The 144-year history of one of the most influential corners in the world.

Tucked away in the northeast corner of a popular London park sits a small site where freedom of speech reigns supreme.

Since 1872, the ordinary and extraordinary have gathered in the unspectacular concrete cove in Hyde Park known as Speakers' Corner to declare their views on an array of topics, many controversial. Everything from Brexit and the Iraq War to gender equality and veganism have been up for lively and spirited speeches and debates.

Men the likes of Marcus Garvey, Karl Marx, Vladimir Lenin, and George Orwell have taken a turn at Speakers' Corner, but most days you'll find people decidedly less notorious who just want to be heard.


A man at Speakers' Corner in 2002. Photo by Odd Andersen/AFP/Getty Images.

Despite its serene setting, the origins of Speakers' Corner is little messier.

The location itself may have macabre origins. Hyde Park was once the spot of the Tyburn Gallows, installed in 1196. Onlookers would buy seats to watch the executions. Before people were put to death, they were allowed to make one final speech.

In 1783, the gallows were dismantled and executions were moved to the prison, but speeches and protests in Hyde Park continued. Police frequently attempted to stop the demonstrations, but the people of London continued to use the space to assemble and protest. Close to 100 years later, in 1872, Parliament set aside this particular section of the park for public oration.

Speakers' Corner in 1923. Photo by Topical Press Agency/Getty Images.

For 144 years, Speakers' Corner has hosted a steady stream of lively orators.

Through their words and photos, you can see some incredible history unfold.

1. If you were passionate and well-spoken, it was easy to draw a crowd at Speakers' Corner, especially before the advent of TV.

A man addressing the crowd at Speakers' Corner in 1933. Photo by J. A. Hampton/Topical Press Agency/Getty Images.

2. Some speakers essentially became local celebrities, like Charlie in the 1920s.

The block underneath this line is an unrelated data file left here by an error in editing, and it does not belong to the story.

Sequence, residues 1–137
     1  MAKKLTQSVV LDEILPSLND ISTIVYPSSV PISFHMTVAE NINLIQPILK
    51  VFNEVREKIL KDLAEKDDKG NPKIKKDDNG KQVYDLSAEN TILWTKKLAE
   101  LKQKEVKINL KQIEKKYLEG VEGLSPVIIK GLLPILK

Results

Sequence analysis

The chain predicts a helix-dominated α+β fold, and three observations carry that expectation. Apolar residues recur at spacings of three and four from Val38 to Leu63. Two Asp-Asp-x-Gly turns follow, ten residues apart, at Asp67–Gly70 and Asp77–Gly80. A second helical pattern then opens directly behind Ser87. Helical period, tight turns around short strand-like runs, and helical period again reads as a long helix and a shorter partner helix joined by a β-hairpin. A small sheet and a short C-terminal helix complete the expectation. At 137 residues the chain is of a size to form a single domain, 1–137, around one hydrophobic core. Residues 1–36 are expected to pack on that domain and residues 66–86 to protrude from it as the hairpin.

Photo by J. A. Hampton/Topical Press Agency/Getty Images.

3. Religious speakers and proselytizers have always been common.

A speaker lectures on "Christianity Astray — The Bible Truth" in 1933. Photo by J. A. Hampton/Topical Press Agency/Getty Images.

4. Including rising political leaders of all stripes.

Here, a young Aneurin Bevan speaks to the crowd on May Day 1936. Bevan would go on to spearhead the creation of the National Health Service.

Photo by Fox Photos/Getty Images.

Now, you may be thinking: 'Hey, wait a second, where are all the women and people of color?'

Great question. They have a place in Speakers' Corner history too.

5. Because free speech was celebrated and encouraged, people of color had the opportunity to speak out on issues too.

Photo by Fox Photos/Hulton Archive/Getty Images.

Women, children, and families took center stage to stand up for their beliefs too.

6. This woman used her time in front of the crowd to sing a powerful hymn.

Photo by Keystone Features/Getty Images.

7. And when these women marched for equal rights, their journey started at Speakers' Corner, quite literally.

Their march to No. 10 Downing Street began near the same spot where suffragettes gathered decades prior.

Members of the National Women's  Movement, marched from Speakers' Corner to No. 10 Downing Street to celebrate International Women's Day in 1971. Photo by Daily Express/Hulton Archive/Getty Images.

8. Hundreds of children marched to Speakers' Corner during a school strike in 1972.

Photo by Steve Wood/Evening Standard/Hulton Archive/Getty Images.

9. And single-parent families demanded equality in 1975.

Photo by Angela Deane-Drummond/Evening Standard/Getty Images.